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Comment: Re:What is wrong with SIP (Score 1) 114

by u235meltdown (#33372632) Attached to: Google Testing Voice Calling In Gmail
Well, to think from their perspective... if they allow a service that costs them plenty and is already free to go out of their control, how are they ever going to monetize it?
Don't get me wrong I would love to have a GUI client on my computer to let me call internationally at Google's rates, but then the free calling to US may disappear since they can't pair it with AdSense.

Comment: Re:Clarification of facts (Score 1) 93

by u235meltdown (#29029429) Attached to: Yemenis Should Be Incensed At Websense
docs.google.com shows up currently in the category "Personal Network Storage and Backup." Seems quite accurate to me.
Requires a valid subscription to see, but https://www.websense.com/sitelookup does allow administrators to test categories and report categorised URLs to the human review team. It is also available in the installed product, so admins don't even have to go out of their way.

Comment: Re:I'd take Jennings (Score 1) 213

by u235meltdown (#27736883) Attached to: IBM Computer Program To Take On 'Jeopardy!'
The problem is you are applying the sense of "knowing" to a program. The algorithm will most likely answer any and all questions, but with varying accuracy. Of course, a threshold for the expected accuracy before initiating a button press could be set, but it is still a very different concept. Programs are a way off from AI, but I would love to see how this project fairs.
If we knew more about the workings of a brain and could electronically replicate it, there would be less of a distinction in my mind.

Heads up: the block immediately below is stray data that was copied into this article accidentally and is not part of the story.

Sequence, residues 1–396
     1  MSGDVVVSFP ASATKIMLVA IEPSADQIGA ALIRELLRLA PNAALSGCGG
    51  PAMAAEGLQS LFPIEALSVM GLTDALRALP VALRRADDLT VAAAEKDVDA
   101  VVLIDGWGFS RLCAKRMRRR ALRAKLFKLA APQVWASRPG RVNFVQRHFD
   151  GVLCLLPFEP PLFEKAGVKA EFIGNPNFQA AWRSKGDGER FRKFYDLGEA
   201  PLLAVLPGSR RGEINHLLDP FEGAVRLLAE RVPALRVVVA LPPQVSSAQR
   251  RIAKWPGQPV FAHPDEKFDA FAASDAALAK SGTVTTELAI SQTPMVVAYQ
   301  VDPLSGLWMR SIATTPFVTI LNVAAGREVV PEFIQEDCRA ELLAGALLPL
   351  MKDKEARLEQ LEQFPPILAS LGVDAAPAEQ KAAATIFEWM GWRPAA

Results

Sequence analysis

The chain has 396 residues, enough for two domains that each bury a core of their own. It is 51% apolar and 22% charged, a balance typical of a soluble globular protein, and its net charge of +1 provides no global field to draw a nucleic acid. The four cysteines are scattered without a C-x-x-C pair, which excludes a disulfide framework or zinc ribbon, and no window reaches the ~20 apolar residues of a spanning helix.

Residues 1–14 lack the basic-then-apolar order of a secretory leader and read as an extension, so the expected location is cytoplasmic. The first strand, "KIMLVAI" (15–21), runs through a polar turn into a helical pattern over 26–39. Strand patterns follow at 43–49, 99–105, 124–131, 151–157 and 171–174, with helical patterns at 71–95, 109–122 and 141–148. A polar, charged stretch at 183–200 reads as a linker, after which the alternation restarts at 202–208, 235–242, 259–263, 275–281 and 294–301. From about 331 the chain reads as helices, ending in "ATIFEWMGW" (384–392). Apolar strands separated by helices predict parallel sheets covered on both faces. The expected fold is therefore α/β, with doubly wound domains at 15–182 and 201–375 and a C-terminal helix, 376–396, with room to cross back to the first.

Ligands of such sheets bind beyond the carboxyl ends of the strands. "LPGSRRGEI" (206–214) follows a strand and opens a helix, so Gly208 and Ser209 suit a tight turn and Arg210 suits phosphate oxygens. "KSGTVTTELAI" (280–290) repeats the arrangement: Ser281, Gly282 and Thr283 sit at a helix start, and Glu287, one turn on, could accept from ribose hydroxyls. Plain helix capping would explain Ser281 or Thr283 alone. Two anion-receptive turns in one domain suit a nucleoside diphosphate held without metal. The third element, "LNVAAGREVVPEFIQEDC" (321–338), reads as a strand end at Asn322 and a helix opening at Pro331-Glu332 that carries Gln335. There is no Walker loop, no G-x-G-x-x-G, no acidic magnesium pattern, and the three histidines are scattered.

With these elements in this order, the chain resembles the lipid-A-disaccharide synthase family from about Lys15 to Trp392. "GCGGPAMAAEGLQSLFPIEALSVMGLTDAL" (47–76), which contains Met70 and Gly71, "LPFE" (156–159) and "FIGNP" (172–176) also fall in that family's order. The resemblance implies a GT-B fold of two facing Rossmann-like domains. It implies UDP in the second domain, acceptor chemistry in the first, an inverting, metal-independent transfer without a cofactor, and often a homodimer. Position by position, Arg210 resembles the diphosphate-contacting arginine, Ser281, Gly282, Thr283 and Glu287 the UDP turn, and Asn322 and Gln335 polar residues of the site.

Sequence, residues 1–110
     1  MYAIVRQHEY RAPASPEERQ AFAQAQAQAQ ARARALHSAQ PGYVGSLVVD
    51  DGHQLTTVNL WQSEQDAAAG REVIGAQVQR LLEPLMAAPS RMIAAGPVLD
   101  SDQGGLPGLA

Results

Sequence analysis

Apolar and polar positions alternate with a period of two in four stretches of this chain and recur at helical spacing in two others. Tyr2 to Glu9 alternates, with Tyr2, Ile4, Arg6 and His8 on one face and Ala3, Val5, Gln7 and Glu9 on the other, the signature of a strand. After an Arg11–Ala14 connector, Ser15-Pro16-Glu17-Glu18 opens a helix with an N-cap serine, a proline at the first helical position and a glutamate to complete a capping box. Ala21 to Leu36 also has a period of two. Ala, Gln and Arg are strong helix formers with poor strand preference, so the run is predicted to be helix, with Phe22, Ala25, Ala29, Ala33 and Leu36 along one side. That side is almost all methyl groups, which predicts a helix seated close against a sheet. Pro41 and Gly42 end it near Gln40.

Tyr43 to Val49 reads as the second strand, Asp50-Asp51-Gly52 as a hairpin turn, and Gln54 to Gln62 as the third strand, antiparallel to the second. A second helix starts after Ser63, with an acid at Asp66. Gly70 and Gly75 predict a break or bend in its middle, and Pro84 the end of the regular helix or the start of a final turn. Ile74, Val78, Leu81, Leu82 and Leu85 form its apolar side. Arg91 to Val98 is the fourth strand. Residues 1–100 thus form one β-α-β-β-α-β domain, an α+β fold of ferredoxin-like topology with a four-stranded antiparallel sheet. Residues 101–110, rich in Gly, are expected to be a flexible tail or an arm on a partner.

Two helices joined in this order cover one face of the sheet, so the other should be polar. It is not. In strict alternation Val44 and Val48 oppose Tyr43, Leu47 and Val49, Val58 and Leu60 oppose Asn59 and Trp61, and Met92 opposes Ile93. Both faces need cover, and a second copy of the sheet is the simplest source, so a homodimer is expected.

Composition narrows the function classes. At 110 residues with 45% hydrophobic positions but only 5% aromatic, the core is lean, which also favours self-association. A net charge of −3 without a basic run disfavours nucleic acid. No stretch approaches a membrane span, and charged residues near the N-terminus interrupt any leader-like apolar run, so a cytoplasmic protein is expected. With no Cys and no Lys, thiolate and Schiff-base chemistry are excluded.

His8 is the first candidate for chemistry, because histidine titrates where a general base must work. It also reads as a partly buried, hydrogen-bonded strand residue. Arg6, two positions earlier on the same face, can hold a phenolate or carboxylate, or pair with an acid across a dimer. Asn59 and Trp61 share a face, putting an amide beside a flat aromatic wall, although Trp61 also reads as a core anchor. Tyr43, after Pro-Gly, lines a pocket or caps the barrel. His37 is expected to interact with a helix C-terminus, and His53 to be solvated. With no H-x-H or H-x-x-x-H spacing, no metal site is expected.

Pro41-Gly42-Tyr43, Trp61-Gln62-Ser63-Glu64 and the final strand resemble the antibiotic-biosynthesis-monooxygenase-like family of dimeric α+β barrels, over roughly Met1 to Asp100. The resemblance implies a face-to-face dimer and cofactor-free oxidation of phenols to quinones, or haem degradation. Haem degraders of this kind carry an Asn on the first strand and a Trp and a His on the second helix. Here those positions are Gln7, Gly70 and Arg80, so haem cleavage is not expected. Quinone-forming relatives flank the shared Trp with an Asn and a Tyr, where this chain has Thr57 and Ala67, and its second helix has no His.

Now cue the arguments that humans don't "know" anything either...
Social Networks

+ - Doctorow: Your Ex-Co-Workers Will Kill Facebook -> 1

Submitted by
Random BedHead Ed
Random BedHead Ed writes "Cory Doctorow has an interesting new article in Information Week about the downside of social networking, with a focus on Facebook. While it starts with some minor but insightful quibbles (like "the steady stream of emails you get from Facebook: 'So-and-so has sent you a message.' Yeah, what is it? Facebook isn't telling — you have to visit Facebook to find out"). But then it gets into a more social critique of social networking: 'Imagine how creepy it would be to wander into a co-worker's cubicle and discover the wall covered with tiny photos of everyone in the office, ranked by "friend" and "foe," with the top eight friends elevated to a small shrine decorated with Post-It roses and hearts.' Do you really want to add your boss and coworkers to your friends list? (And more to the point, do you really have a choice?)"
Link to Original Source
Yahoo!

+ - Adverts to appear in PDFs 1

Submitted by Anonymous Coward
An anonymous reader writes "The BBC is reporting that Yahoo! has a deal with Adobe to allow adverts to appear in PDFs. The ads won't appear when the document is printed. Ad-blocker for PDF viewing anyone?"
Math

+ - Possible backdoor found in RNG standardizedby NSA-> 1

Submitted by
kfz versicherung
kfz versicherung writes "Defining algorithm for random numbers is one of the hardest fields in mathematics. We all know Microsoft failed miserably, even Linux (pdf) and SSL had their fair share of troubles. But now Bruce Schneier tells us the Strange Story of Dual_EC_DRBG, one of four random number generation algorithms standardized by the NSA (pdf). While on first look just slower than the other three, Dan Shumow and Niels Ferguson showed at Crypto 2007 that the algorithm contains a weakness that can only be described a backdoor. Their presentation showed that the constants used have a relationship with a second, secret set of numbers that can act as a kind of skeleton key. If you know the secret numbers, you can predict the output of the random-number generator after collecting just 32 bytes of its output."
Link to Original Source

The confusion of a staff member is measured by the length of his memos. -- New York Times, Jan. 20, 1981

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